The war in Syria has triggered one of the biggest humanitarian catastrophes in recent years. Hundreds of thousands have been killed and more than five million people have had to leave the country. Many survivors have been fleeing for years and live in terrible poverty. The Syrian population has experienced terrible things, they are often traumatized and in need of urgent medical care. In addition to aiding Syrian refugees in Iraq, the Jiyan Foundation also operates a treatment center for victims of human rights violations in Syria.
Since the first uprising in Syria in 2011, more than half a million Syrians have lost their lives. At the orders of the Syrian regime, civilians have been killed by barrel bombs, disappeared by the thousands in state prisons, have fallen victim to Islamist terror, or were killed in the fight against ISIS.
The survivors live with traumatic pasts. They have lost loved ones through bombing, witnessed armed clashes or were detained and tortured for political activities. Refugees and displaced people are suffering from the loss of their homeland and are constantly worried about relatives who were left behind. The vast majority of the Syrian population is impoverished by the loss of property and income. As a result, many suffer from depression and report sleep disorders, suicidal thoughts, panic attacks or aggression.
Over 5.6 million Syrians had to leave their country and flee to neighboring states. About 230,000 of them found refuge in northern Iraq. The majority of the refugees live in the three northern provinces of Iraq, which belong to the Kurdistan Region. About 40 percent of them have been living in aid camps for many years, others are trying their luck in the big cities in the competitive labor market.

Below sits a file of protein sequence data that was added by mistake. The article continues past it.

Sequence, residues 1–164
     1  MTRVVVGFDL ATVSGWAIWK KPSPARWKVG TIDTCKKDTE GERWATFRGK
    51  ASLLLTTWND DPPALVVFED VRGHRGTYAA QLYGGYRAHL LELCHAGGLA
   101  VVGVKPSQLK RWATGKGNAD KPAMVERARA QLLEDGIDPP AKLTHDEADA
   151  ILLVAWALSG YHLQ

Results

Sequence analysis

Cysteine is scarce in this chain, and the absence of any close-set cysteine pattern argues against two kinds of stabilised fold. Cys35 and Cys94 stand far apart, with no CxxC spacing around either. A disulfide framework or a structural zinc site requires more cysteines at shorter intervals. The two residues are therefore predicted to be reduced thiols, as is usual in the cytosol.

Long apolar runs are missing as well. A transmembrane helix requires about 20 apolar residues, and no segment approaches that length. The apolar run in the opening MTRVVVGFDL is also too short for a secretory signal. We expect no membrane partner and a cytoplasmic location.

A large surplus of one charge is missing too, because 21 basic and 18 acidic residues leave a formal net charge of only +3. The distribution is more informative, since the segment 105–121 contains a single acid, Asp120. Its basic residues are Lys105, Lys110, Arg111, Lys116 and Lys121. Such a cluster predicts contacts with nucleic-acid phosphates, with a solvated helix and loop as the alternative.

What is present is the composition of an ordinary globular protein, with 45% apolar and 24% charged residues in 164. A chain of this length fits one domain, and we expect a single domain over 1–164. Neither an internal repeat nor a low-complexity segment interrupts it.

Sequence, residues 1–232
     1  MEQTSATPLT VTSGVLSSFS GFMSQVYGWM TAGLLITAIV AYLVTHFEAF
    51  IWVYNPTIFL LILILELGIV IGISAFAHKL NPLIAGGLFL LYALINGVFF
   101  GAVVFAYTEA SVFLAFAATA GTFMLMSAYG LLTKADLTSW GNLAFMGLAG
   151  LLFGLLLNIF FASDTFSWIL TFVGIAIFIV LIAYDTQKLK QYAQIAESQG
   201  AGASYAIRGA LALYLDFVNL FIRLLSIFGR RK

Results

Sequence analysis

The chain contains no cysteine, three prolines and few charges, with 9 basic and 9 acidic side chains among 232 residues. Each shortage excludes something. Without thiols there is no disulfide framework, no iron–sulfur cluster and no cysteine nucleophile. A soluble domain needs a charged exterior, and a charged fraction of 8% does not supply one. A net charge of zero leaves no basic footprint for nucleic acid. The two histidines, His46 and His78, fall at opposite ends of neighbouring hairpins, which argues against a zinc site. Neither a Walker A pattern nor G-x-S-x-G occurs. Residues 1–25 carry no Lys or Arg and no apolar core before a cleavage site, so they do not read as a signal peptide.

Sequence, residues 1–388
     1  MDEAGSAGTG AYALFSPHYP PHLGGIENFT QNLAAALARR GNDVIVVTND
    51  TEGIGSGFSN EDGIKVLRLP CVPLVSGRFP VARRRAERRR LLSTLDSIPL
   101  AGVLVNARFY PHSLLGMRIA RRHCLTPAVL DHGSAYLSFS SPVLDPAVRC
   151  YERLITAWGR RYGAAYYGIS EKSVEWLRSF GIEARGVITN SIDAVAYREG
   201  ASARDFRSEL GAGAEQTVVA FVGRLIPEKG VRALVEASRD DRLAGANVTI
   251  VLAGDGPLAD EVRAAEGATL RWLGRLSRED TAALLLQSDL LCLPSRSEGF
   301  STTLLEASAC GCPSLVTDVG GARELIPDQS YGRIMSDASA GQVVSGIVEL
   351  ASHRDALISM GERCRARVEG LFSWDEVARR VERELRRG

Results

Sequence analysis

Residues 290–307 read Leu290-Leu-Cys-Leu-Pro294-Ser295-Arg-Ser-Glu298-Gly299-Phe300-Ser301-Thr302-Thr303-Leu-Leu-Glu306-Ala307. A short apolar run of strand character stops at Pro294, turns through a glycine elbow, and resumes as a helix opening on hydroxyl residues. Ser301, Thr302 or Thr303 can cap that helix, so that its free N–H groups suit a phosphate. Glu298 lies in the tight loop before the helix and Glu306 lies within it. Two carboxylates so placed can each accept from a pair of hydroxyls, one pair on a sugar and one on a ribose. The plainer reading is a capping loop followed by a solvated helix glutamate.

With the support of Misereor, we provide Syrian refugees in Iraq with free medical and psychological treatment, social assistance and legal advice. We focus especially on people in camps who would otherwise have no access to health services.
Given the political, economic and humanitarian situation in Syria, the public health system has virtually collapsed. Most of the hospitals are destroyed or only partly in operation. These facilities cannot cope with the high demand for medical services. In addition, there were hardly any psychiatric institutions before the war, and psychotherapy is a previously unknown concept.
To meet this need, we are preparing to open a therapy facility in northern Syria. To this end, we began training for local specialists last year. In our center, Syrians who have survived war and violence should have access to free health services, trauma therapy and social counseling. With mobile teams we want to reach out to internally displaced people in the particularly underserved camps in the region.